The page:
- Department of Public Health
Media Contact for Baker-Polito Administration launches campaign to combat teen vaping
Ann Scales, Director of Media Relations
BOSTON — The Baker-Polito Administration launched a statewide public information campaign to raise awareness among middle and high-school aged youth about the dangers of vapes and e-cigarette use. State officials announced the public health campaign alongside student advocates during an event at the State House in observance of Massachusetts’ Take Down Tobacco Day — a day of activism that empowers youth to stand out and speak up against tobacco companies.
“We took an important step alongside our colleagues in the Legislature last year to prevent addiction among young people and encourage healthy choices by raising the legal age for buying tobacco to 21,” said Lieutenant Governor Karyn Polito. “We look forward to the public awareness this important campaign will bring to young people across Massachusetts about the harmful effects tobacco products can have on their lives.”
In January, the Baker-Polito Administration proposed applying the current 40 percent excise tax imposed on cigars and smoking tobacco to include vape products, as well as a 13.75 percent retail tax on electronic cigarettes.
The latest statewide data shows 41 percent of Massachusetts high school students have tried e-cigarettes at least once. About 20 percent of them reported using e-cigarettes in the past 30 days – a rate six times higher than adults. Nearly 10 percent of middle school students say they have tried e-cigarettes.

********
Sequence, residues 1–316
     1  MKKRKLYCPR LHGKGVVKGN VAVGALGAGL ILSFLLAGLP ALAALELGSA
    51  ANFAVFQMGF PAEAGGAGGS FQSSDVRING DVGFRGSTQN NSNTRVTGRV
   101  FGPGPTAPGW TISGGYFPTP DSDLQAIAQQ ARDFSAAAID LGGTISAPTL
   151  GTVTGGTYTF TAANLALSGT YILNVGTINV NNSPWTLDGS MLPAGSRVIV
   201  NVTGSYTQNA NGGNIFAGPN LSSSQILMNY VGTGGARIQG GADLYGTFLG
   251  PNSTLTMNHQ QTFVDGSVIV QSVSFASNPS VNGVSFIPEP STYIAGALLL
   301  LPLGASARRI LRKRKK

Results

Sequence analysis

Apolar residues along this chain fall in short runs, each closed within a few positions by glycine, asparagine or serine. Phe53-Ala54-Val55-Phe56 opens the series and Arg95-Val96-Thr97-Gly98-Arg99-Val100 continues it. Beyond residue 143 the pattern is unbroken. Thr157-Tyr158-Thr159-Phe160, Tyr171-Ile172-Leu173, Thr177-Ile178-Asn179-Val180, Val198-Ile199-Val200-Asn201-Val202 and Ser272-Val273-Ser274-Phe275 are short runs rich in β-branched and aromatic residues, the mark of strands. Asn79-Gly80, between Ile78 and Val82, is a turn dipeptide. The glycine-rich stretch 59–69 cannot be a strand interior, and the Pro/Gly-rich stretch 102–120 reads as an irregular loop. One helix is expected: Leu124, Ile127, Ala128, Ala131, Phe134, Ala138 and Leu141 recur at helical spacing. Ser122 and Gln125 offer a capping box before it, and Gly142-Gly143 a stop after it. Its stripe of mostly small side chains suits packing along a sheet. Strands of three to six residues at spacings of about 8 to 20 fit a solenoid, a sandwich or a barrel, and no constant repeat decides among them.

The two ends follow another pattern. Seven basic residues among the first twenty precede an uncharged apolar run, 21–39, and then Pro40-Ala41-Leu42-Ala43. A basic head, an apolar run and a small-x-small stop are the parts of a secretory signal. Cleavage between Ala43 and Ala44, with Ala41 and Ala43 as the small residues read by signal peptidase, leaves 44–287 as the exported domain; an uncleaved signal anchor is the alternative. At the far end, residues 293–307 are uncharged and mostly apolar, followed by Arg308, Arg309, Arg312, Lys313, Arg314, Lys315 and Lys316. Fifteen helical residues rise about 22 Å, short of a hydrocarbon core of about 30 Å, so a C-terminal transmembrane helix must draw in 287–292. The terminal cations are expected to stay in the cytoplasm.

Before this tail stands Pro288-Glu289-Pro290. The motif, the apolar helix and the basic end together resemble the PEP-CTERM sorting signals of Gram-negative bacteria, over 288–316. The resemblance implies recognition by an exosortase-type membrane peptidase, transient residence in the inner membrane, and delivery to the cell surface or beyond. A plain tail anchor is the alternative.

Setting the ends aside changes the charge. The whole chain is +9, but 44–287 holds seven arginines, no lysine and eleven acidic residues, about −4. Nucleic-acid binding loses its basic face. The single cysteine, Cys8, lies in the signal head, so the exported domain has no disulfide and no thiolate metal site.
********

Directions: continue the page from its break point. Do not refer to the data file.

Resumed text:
“Vaping is a public health crisis, and young people who vape are four times more likely to smoke cigarettes,” said Health and Human Services Secretary Marylou Sudders. “It is essential that young people understand the serious risks associated with these products and be empowered to make informed, healthy choices.”
The campaign, Different Products, Same Dangers, links the dangers of vaping to cigarette smoking, and was developed with the input of middle and high school students across the state as well as student leaders from The 84 Movement against teen tobacco use who helped organize Kick Butts Day.
``The same marketing tactics used by the tobacco industry to get young people addicted to cigarettes is being used to promote vaping and e-cigarettes,” said Public Health Commissioner Monica Bharel, MD, MPH who wrote an Op-Ed earlier this year urging parents to talk to their kids about the dangers of vaping. ``These are not harmless products – like cigarettes, they are dangerous and they are addictive for young people.”
Vaping products are sold in nearly 8,000 flavors, many of them sweetened to appeal to young palates. They’re cheaply priced to encourage impulse buys and they’re easy to get – available at gas stations, corner stores, mini-marts and other convenient locations.
Different Products, Same Dangers will be featured online, via social media channels and on billboards beginning this month. The campaign also includes posters, flyers and removable graphics to place on school bathroom mirrors and stalls.
This is the second public information campaign DPH has dedicated to raising awareness about the dangers of vaping. DPH’s first campaign, the New Look of Nicotine Addiction which was launched last year, sought to educate the parents of middle and high-school age children about the dangers of vaping and e-cigarettes.
The Tobacco 21 law Governor Baker signed last summer raised the age to purchase e-cigarettes from 18 to 21, expanded the ban on workplace smoking to include e-cigarettes, and prohibited pharmacies from selling e-cigarettes.
For more information on vaping and the campaign, visit mass.gov/vaping.